Arcade Trackball Mouse Hack
Step 5: Identifying Connection / Hack Points
The connection points need to be identified on the RX (receiver) solder points. In my case each of the receivers had hooked into 4 solder pads. I was able to trace two of these to power & ground. The remaining two were then identified as the 2 phases for each receiver. The only thing I tapped into on one of the transmitter solder pads was +5v for power, but this could have been tapped into anywhere on the board.
Your mouse circuit board will likely look different. If your receiver (RX) solder points only have 3 solder pads, then two of those pads should be for the phases and the remaining is likely power. You can identify this by following the traces from the solder pads. If they lead to the microcontroller IC, they should be the phases and remaining point(s) are power/ground. You can also use your multimeter on the ohm or continuity setting to verify the remaining solder pad(s).
Picture: Connection points for trackball wires
Step 6: Wiring It Up
You have a few options here. You can cut the molex connector off of the wire harness of the trackball and solder the trackball's wires directly to the mouse board. Another option if you want to preserve the trackball connector is to create your own wire harness for the mouse circuit board. That's the option I took. The parts don't cost a lot but there is a special crimp tool needed for the molex pins that can run you an additional $15-20 if you don't already have one. So depending on how much you care about not preserving the original molex connector on the trackball you can decide if it's worth spending the extra money to create a mating harness for the mouse circuit board.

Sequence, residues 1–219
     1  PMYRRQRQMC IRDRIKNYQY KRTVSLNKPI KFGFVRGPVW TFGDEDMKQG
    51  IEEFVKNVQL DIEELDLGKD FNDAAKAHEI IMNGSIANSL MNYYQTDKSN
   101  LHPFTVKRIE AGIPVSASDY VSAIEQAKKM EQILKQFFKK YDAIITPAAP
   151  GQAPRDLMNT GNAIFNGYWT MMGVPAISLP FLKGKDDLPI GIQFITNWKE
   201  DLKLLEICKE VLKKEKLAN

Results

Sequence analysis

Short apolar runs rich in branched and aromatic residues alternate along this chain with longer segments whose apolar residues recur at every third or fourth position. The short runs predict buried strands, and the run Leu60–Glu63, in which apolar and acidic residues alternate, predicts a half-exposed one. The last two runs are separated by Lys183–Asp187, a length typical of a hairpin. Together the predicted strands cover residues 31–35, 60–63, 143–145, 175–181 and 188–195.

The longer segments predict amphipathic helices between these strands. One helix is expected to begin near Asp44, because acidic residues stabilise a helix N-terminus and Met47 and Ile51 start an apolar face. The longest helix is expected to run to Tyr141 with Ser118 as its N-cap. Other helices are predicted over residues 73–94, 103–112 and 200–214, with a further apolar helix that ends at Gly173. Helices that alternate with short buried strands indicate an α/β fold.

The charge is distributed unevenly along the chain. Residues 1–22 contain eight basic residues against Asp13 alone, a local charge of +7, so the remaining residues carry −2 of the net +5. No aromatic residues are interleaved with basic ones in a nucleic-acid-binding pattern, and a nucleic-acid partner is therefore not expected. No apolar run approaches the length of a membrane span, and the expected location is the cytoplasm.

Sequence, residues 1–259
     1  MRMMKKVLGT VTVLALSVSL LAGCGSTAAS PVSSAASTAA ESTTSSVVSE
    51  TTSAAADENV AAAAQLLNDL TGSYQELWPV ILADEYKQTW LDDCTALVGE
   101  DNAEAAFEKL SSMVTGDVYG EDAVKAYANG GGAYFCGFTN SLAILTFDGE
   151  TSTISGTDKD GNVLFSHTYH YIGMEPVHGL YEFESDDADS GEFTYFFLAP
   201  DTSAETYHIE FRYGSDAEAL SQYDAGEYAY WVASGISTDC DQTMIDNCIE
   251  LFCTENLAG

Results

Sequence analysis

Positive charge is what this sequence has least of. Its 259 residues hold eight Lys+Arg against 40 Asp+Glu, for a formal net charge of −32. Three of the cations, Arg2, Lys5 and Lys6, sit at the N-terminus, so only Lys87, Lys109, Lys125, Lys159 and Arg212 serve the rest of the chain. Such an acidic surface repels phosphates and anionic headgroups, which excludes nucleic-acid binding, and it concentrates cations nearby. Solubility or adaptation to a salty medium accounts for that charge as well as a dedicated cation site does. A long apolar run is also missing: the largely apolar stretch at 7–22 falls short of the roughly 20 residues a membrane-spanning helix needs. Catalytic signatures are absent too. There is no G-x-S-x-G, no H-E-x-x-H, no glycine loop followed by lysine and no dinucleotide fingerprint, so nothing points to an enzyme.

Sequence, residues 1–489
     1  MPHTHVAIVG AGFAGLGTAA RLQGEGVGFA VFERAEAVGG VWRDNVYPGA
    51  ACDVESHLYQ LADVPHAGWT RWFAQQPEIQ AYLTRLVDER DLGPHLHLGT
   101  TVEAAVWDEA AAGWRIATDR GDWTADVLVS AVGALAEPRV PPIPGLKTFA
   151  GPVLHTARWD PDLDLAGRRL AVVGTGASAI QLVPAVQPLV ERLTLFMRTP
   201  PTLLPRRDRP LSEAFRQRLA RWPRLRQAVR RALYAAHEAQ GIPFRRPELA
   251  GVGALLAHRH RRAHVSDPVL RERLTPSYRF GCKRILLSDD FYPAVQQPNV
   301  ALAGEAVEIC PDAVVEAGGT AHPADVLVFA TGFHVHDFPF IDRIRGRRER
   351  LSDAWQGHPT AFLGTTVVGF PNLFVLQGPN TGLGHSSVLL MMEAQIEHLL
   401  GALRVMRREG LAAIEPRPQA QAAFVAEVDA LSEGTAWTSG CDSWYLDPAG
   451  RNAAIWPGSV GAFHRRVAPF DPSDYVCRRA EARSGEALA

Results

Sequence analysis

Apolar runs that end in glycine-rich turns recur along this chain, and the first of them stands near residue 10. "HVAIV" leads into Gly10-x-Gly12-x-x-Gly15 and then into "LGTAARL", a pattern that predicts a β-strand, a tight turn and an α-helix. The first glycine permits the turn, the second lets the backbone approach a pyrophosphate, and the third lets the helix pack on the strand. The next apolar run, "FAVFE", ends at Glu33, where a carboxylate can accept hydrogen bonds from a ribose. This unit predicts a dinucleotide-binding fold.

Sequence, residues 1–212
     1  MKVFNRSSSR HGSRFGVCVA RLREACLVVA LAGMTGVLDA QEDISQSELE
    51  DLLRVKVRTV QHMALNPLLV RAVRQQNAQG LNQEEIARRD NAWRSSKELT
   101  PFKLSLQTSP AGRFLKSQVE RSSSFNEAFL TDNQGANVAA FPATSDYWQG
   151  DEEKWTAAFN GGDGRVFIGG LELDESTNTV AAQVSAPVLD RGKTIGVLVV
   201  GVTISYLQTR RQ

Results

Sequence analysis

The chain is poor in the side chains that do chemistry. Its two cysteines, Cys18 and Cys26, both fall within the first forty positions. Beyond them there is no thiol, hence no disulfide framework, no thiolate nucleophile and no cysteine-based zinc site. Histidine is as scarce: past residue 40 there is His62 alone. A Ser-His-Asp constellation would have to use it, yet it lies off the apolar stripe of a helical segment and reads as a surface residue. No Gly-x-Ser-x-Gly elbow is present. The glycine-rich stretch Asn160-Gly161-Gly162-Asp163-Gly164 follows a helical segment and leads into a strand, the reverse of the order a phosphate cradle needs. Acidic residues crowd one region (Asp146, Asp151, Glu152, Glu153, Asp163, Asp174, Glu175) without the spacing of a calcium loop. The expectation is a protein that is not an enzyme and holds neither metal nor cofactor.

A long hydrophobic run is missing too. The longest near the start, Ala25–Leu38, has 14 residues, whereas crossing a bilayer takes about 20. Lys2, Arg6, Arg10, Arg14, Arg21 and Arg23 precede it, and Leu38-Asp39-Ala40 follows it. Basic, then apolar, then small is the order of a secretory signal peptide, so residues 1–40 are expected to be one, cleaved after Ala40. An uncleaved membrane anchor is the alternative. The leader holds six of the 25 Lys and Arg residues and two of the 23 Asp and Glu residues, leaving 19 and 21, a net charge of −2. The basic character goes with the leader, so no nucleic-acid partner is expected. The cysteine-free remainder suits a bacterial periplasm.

Below is a picture of a molex pin crimped onto a wire hooked into the mouse. Again this step is optional if you want to preserve the connector on the trackball itself.
Picture: Female 0.093" molex pin crimped onto wires from the mouse
Picture: Horizontal phases, Vertical phases, +5v and GND wired
In the picture above, wires have been soldered onto the two horizontal phase inputs, the two vertical phase inputs, +5v on the board and a GND solder point on the back of the board. Don't pay attention to the wire colors if you've cut the trackball's molex connector off and are soldering the trackball's wires directly to the mouse. My wire colors are for the custom wire harness I built (see wire references below).
Once all of the wires were soldered to the board & molex pins attached, I pushed the pins into the new molex receptacle (part 03-09-1061).. first matching the power and GND up with the trackball's power and GND locations on the male connector. Then "guessing" the wires for the horizontal and vertical phases and inserting those pins into the receptacle. If you cut the molex connector off the trackball, your wires would be directly soldered to the mouse circuit board. If you get the two horizontal (or vertical) phases mixed up, moving left or right will just be backwards of what it should be & you can reverse the wires.